Autism Speaks has been talking for ten years now, without pausing to first listen in any meaningful way to #ActuallyAutistic people. The ongoing hoopla of #AutismSpeaks10, the online birthday party AS tried to throw itself as a prelude to its eighth annual International Autism Awareness Day, reminds me that most people — unlike me — don’t talk about autism 24/7.
Then again, my position is unusual. I am the autistic mother of an autistic son, and a special education advocate. In my world, dialogues revolve around autistic rights and responsibilities, collaborative discussions between many people including other autistics, our families, and the professionals hoping to walk with us bolstering our choices and easing our difficulties en route. Amid the flood of words, this is what I have learned:
Speaking is good. Listening is better. Deeply understanding is best of all.
It took me until my adulthood to grasp this concept. When I was a little girl, I often spoke before listening, saying stuff that got me in trouble with audiences of all ages. Conversational gems such as “I bet my vocabulary is bigger than yours,” rarely went over well. Moreover, I couldn’t fully hear responses. Not that I wasn’t listening; I was listening as hard as I could, every minute of every day, but between the auditory processing difficulties and uneven social skills inherent in my kind of autism, I found it almost impossible to grasp my conversation partners’, words much less the subtext of those words.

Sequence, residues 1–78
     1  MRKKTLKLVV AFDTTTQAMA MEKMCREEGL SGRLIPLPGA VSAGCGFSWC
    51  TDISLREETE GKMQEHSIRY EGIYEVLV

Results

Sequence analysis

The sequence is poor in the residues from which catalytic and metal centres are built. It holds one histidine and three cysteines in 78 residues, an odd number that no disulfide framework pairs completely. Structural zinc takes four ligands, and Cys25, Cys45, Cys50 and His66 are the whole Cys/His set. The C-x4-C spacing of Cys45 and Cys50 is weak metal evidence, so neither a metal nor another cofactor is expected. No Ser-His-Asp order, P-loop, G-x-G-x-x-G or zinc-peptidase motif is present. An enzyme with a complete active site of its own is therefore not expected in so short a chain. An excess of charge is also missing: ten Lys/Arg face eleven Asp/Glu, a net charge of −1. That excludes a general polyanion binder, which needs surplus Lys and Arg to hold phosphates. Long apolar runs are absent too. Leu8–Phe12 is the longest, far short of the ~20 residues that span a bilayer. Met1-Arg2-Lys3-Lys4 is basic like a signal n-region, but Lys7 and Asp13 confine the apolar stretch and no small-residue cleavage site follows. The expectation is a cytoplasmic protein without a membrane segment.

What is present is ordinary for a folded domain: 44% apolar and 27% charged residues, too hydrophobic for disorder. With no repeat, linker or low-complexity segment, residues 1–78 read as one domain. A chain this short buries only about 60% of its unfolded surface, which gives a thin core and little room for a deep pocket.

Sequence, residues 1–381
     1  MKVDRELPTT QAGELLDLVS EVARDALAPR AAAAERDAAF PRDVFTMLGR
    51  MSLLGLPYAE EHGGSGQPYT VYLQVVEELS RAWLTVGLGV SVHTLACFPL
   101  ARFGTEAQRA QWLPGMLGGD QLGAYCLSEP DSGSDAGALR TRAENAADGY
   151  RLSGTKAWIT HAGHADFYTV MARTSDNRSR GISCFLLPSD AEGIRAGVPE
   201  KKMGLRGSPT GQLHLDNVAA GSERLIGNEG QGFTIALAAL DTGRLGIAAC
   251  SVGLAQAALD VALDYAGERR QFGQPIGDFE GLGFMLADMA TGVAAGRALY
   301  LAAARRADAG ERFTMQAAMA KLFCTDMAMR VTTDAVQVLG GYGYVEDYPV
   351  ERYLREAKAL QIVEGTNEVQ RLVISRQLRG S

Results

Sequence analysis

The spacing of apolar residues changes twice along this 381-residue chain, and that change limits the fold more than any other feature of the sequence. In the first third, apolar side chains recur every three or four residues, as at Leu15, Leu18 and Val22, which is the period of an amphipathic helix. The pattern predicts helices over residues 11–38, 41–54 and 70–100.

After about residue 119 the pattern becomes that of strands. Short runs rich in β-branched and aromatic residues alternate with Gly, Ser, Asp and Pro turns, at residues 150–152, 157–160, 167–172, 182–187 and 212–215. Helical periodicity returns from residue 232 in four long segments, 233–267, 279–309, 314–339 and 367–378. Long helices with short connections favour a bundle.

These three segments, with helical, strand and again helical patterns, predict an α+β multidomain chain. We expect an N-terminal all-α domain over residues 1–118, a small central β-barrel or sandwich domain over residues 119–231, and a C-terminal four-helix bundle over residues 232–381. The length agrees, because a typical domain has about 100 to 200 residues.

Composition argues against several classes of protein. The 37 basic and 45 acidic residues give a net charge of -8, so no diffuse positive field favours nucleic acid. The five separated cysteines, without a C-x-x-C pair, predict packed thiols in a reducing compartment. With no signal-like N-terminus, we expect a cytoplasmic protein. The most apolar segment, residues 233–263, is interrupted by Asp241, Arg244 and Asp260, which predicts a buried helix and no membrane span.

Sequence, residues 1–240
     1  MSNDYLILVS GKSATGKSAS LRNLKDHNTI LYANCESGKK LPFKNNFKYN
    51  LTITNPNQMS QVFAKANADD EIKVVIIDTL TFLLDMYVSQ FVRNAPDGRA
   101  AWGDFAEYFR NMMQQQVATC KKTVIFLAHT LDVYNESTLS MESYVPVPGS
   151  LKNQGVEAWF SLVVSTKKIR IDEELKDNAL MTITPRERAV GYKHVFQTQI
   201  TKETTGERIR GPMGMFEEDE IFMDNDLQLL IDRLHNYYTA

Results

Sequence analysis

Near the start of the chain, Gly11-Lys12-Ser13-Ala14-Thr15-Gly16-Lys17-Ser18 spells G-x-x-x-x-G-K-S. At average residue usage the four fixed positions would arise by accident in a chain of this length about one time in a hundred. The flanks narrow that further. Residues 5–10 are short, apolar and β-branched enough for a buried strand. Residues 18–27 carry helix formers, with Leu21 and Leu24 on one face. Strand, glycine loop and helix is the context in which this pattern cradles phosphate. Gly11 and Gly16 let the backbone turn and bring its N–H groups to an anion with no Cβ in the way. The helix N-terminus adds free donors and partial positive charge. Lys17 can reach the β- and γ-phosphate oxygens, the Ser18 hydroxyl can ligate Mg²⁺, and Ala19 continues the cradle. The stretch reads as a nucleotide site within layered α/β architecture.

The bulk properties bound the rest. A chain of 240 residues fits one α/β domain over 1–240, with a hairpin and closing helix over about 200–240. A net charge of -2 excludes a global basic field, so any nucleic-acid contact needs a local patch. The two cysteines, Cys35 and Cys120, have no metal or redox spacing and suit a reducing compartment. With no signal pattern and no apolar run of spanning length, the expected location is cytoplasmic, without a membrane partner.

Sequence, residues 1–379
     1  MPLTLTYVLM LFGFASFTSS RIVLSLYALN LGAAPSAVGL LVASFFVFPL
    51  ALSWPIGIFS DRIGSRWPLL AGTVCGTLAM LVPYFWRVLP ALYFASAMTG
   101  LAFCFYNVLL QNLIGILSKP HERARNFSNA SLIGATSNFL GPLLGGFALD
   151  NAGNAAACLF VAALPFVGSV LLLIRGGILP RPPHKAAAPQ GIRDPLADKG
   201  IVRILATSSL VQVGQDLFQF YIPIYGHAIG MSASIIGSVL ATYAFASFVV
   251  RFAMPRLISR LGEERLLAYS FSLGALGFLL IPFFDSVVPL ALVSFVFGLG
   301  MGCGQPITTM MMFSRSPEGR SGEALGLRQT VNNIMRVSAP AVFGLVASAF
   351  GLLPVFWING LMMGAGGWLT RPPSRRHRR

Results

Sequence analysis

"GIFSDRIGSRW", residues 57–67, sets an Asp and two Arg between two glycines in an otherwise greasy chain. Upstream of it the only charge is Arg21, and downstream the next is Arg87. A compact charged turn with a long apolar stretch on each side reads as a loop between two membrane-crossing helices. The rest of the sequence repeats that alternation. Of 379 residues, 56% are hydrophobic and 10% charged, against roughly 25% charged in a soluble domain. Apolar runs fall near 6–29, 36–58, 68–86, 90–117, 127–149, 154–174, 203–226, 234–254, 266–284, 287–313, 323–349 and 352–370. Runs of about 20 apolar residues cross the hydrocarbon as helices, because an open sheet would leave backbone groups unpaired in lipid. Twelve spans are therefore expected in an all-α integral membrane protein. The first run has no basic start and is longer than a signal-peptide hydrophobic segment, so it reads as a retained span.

I almost, but not quite, sympathize with the sentiment behind #AutismSpeaks10, an orgy of self-congratulation by the most recognizable and heavily funded organization that purports to help autistics like me and my son. I get that it’s hard to hunker down and listen to people who bring a message you don’t want to hear. When I was AS’s age, I couldn’t hear such messages, and when I eventually could, it was only with the support of many neurodiverse allies. By contrast, it seems to me, that AS is purposely sticking its organizational fingers into its institutional ears. I know I’m not alone in this impression, because I’ve been participating in some of the autistic-led online counter campaigns, like #ActuallyAutistic and #HighFunctioningMeans.
I, unlike AS, do not presume to speak for every autistic’s most profound area of disagreement with the organization. There are various frustrations, all of which share the common theme that Autism Speaks needs to change its ways. AS needs to show that they are listening to us by acting upon the expertise we keep offering and they keep rejecting.
Some of us focus on legitimate protest of Autism Speaks’s unending natter about cures, because most of us don’t think of ourselves as sick. Heaven knows, I can’t hold onto a shred of self-esteem, much less engender self-confidence in my treasured son, if I relentlessly look at us through a lens of pathology. What concerns me most in my various roles, however, is not as much the names AS calls us, as where the organization’s money is going, to whom and how it could be allocated more effectively.